Sundance Channel Global: A Case of Going Local in Brazil

Jun 19, 2015

Article ImageCOMPANY: Sundance Channel Global

Owned by New York-based AMC Networks, Sundance Channel describes itself as "the television destination for independent-minded viewers seeking something different." The channel offers audiences a selection of independent films, documentaries and original programs. In addition to being widely distributed throughout North America, Sundance Channel is available throughout Europe, Asia, Latin America, North Africa and the Middle East.

BUSINESS CHALLENGE: Sundance Channel Global wanted to regionalize its offerings in Brazil, replacing selected content on its Latin American satellite feed with content that was more localized and relevant for Brazil.


Founded in 2008, Bangalore, India-based Amagi uses cloud-based technologies to create an alternative to traditional satellite TV broadcast infrastructure. Amagi offers channel origination, regionalization and ad monetization services, platforms and products for TV networks worldwide without having to set up new satellite feeds.


Sundance Channel first launched in 1996. Strictly an American cable channel for many years, the company gradually started global distribution in the late 2000s, starting with Europe in 2009. In 2014, the channel launched a Portuguese version, in Brazil--and, from the start, the company knew it wanted regional, locally relevant content, to better benefit the channel's viewers.

"Brazil is an important growth market for Sundance Channel Global and we are deeply committed to airing programs that engage and excite our viewers," Dave Alworth, vice president, operations and program administration, at AMC/Sundance Channel Global Networks, said in an April press release about the regionalization.

And Sundance knew just the company it wanted when it came to swapping in Brazilian programming.


Sundance was already familiar with Amagi - and liked what it had seen. "We heard about Amagi from one of our affiliate sales agents in Asia. He introduced us to Amagi at the 2012 NAB [National Association of Broadcasters] convention in Las Vegas," Alworth says. He adds Sundance did a "live test" with the company - and was impressed.

"The ease of use and integration into our work flow made it very appealing," Alworth says. "The Amagi solution provided a significant savings to budget compared to traditional play out, uplink and satellite delivery."

After the test, "then we deployed the Amagi solution in Turkey," Alworth says, and the Brazil launch followed in 2014.

For Sundance, Amagi used what it calls "a comprehensive edge content insertion platform" it had pioneered, called STORM.

According to Amagi, STORM allows TV networks to replace content at the headends ["a master facility for receiving television signals for processing and distribution over a cable television system"], without having to invest in a new channel feeds. How it works is this: Content that needs to be replaced is marked with an Amagi watermark--an invisible, inaudible signature that content insertion devices at the headends recognize--and pushed into a playlist. Regional content that needs to replace the watermarked content is stored in edge content insertion servers, which are managed through a cloud infrastructure. Once the insertion servers receive the channel feed, either through a satellite/fiber or a cloud infrastructure, the watermarked content is identified and replaced with predetermined appropriate regional content.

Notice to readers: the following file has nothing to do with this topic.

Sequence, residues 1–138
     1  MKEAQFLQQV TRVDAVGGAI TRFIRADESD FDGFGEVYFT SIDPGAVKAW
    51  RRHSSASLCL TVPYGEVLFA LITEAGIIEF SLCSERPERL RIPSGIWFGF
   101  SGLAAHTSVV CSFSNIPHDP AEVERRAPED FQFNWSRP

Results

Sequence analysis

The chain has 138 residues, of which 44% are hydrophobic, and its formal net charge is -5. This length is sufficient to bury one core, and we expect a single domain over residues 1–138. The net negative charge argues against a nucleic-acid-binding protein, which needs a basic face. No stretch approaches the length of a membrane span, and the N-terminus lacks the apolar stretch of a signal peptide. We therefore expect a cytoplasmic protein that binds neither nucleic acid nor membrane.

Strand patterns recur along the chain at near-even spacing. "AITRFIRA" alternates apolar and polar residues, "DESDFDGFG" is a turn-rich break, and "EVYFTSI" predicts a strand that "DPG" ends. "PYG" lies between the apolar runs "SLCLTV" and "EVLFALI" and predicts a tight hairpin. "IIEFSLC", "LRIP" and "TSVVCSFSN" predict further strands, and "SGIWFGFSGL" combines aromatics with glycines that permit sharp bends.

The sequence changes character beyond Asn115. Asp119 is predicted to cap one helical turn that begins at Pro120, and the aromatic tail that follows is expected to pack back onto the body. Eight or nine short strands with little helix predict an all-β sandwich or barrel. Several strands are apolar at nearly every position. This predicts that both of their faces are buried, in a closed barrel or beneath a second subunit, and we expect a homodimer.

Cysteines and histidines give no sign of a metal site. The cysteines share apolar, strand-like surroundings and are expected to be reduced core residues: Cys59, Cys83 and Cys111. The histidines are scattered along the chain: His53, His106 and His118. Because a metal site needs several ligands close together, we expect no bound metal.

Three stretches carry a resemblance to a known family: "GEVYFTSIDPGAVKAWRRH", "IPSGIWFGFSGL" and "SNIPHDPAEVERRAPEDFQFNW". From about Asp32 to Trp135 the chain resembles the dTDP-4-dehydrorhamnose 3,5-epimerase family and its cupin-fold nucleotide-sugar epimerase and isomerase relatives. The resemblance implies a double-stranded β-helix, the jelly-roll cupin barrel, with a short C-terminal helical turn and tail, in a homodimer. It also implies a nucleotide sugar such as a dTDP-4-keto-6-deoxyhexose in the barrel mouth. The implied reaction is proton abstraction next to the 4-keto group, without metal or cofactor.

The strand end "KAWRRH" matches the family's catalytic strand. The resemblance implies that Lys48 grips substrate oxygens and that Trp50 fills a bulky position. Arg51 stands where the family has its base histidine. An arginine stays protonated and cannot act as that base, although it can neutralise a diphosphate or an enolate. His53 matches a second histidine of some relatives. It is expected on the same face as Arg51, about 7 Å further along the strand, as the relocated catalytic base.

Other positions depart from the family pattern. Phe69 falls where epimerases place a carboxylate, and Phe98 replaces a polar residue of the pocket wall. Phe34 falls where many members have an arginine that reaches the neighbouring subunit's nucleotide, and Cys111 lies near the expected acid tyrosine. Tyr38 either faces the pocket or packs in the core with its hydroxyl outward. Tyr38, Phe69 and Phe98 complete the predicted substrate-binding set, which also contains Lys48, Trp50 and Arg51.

"The STORM platform deployment required no changes to existing broadcast and playout workflows for Sundance Channel Global," Baskar Subramanian, co-founder of Amagi, said in the press release.

Sundance Channel Global launched in Brazil in November 2014 - and "we have been live with the system ever since," Alworth says.

THE OUTCOME: Using the STORM platform, Sundance has been able to successfully swap in locally-relevant Brazilian programming-and it's quite the collection.

"We have an active inventory of over 150 hours of Brazilian specific film and series programming. We have over 300 individual promotional elements, approximately 50 short form programs and hundreds of on-air graphics localized in Brazilian Portuguese," Alworth says. "All of these individual elements are stored in the Amagi system and are readily available for our on air use in Brazil."

Subramanian says he thinks Sundance Channel Global is "extremely happy with our solution." Alworth confirms this opinion--and adds he plans to work with Amagi again.

"We are extremely satisfied," Alworth says of Amagi's work. "This is an elegant solution. Amagi provides great support and the commercials terms are quite favorable compared to the alternative. We have warehoused several of their IRD units and plan to deploy them in new markets when our sales team confirms that we have new business to support. I personally would work with Amagi in all similar situations."

(Image courtesy of Shutterstock.)